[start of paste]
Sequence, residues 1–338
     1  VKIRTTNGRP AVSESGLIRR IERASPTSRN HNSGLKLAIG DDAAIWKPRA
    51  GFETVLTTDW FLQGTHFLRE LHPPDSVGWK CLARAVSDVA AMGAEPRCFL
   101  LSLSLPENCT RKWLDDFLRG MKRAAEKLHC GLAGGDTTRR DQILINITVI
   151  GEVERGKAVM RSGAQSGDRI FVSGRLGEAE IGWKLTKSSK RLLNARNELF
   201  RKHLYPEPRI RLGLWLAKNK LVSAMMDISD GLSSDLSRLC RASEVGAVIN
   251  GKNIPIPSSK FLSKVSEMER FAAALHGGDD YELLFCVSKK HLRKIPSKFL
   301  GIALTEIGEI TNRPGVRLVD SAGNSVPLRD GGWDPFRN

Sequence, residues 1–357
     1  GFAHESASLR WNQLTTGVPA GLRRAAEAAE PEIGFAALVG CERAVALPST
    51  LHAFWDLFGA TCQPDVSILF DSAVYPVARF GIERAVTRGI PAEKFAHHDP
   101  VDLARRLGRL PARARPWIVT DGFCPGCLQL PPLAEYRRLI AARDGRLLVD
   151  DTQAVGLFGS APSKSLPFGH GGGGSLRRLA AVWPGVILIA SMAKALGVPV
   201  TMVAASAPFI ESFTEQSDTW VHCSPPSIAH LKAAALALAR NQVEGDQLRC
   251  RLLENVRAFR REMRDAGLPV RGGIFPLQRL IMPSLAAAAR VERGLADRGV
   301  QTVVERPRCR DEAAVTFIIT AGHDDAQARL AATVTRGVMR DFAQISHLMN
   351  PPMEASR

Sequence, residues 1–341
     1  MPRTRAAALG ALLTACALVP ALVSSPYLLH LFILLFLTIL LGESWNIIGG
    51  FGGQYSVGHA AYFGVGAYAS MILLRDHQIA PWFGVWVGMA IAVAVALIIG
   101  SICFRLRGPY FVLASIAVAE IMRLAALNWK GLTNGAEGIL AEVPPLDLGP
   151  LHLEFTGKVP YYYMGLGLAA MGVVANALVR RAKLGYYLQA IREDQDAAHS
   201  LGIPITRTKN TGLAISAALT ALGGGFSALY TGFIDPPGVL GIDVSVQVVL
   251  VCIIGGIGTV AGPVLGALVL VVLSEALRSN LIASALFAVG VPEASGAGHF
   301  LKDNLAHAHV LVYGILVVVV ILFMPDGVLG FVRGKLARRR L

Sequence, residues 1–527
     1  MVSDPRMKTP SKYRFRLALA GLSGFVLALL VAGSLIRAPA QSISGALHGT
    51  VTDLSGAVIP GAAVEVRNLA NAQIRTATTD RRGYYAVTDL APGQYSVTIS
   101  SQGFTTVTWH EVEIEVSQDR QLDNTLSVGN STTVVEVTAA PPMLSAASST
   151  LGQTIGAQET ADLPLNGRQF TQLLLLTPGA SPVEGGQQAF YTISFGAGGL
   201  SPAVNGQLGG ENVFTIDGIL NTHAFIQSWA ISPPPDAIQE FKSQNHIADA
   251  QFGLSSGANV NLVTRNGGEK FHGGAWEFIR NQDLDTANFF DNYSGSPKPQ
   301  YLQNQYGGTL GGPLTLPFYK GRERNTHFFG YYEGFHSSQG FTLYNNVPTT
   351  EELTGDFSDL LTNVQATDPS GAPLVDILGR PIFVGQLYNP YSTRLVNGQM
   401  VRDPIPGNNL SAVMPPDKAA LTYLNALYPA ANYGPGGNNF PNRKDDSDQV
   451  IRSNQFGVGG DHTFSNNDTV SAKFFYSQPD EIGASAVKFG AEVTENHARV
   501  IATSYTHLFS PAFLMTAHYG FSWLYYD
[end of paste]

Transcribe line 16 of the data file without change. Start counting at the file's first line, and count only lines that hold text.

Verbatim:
   301  QTVVERPRCR DEAAVTFIIT AGHDDAQARL AATVTRGVMR DFAQISHLMN